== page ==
T. T. Wentworth Jr. Florida State Museum
(Redirected from T.T. Wentworth Jr. Florida State Museum)
|T. T. Wentworth Jr. Florida State Museum|
|Location||330 South Jefferson Street|
|Engineer||Charles Hill Turner|
|Current Owner||West Florida Historic Preservation, Inc.|
|Style||Spanish mission style|
| <googlemap lat="30.408802" lon="-87.213517" zoom="17" width="288" height="200">
30.4087, -87.213142, T. T. Wentworth Jr. Florida State Museum </googlemap>
The T.T. Wentworth Jr. Florida State Museum is a museum of history in Pensacola, named for Theodore Thomas Wentworth, Jr.
Located on Jefferson Street adjacent to Plaza Ferdinand VII, the building was originally erected in 1908 as Pensacola's city hall. When a new City Hall was built in 1985, the old building was renovated to house the massive collection of historical artifacts Wentworth had donated to the State of Florida two years earlier. The museum was dedicated on March 5, 1988 and is now owned and operated by West Florida Historic Preservation, Inc. as part of the Historic Pensacola Village.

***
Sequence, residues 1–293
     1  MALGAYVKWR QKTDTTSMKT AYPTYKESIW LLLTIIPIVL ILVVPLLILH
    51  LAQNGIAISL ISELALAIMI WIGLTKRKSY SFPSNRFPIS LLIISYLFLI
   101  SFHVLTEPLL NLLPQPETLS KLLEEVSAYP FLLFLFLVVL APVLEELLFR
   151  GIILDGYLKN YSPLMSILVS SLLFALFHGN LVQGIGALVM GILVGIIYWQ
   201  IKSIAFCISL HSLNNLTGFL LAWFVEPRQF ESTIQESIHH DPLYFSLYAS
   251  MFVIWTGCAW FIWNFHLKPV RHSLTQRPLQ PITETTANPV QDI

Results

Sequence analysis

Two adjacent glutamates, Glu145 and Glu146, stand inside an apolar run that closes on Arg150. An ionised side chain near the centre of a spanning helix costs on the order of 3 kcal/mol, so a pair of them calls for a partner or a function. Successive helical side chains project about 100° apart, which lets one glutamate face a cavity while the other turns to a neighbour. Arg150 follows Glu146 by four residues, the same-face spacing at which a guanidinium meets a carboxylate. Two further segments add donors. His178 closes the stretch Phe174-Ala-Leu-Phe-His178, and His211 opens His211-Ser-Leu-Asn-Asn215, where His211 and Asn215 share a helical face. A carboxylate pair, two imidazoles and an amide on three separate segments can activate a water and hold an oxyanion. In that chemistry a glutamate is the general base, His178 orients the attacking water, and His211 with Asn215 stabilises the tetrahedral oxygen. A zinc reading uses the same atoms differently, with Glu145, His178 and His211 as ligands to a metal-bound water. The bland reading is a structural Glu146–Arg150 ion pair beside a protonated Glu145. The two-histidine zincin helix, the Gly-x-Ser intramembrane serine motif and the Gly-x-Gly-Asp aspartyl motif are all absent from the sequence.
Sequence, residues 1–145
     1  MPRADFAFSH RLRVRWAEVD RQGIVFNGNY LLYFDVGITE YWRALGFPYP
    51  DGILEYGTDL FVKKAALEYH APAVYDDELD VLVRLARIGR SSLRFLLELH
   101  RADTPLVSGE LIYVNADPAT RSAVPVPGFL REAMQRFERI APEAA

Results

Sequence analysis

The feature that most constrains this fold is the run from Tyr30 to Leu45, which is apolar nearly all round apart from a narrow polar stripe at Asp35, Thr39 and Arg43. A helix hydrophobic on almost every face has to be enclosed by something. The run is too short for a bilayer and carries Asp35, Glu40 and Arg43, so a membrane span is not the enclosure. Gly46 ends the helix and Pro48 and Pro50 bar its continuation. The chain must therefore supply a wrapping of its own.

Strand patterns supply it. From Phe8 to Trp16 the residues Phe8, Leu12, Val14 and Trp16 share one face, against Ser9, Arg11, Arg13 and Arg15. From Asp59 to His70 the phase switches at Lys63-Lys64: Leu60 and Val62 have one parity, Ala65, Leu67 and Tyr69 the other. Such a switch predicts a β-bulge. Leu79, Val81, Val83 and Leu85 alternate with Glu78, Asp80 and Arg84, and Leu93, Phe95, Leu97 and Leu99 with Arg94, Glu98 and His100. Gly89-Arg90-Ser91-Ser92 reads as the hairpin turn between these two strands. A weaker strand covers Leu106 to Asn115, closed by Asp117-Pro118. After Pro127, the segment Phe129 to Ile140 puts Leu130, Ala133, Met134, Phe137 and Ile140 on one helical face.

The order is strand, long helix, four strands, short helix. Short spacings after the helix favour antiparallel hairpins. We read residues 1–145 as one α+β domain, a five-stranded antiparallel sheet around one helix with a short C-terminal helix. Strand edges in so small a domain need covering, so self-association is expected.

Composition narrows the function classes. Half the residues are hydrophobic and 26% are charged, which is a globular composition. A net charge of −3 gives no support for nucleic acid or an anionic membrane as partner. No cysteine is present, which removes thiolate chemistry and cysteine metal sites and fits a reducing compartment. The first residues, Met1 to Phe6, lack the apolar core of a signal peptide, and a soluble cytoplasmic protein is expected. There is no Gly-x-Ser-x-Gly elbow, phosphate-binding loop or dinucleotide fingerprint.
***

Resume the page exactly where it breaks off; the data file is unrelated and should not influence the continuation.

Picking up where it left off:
Original museum
The original museum was in fact a roadside stand owned by Wentworth, which opened in the suburb of Ensley in 1957. Wentworth was paraphrased as saying, in the 1980s, that he would donate everything in his collection if he could earn a permanent spot to house his collection in Pensacola. A state grant was signed by Governor Bob Martinez to allow the city to renovate the old city hall, and the museum was officially opened in 1988.
Only one floor is dedicated to Wentworth's eccentric collections — which includes a mummified cat, among other things. The other two floors illustrate life in the Florida Panhandle over the centuries, some of the more mainstream artifacts coming from Wentworth's collection. The other floors house a science interactive museum that is wonderful for children.
From September 2004 to March 2005, the museum was closed for renovations after Hurricane Ivan caused considerable damage to the property. When the museum opened again, a new exhibit was added, comparing and contrasting the effects of the 2004 hurricane to the hurricane of 1926 that also damaged the building.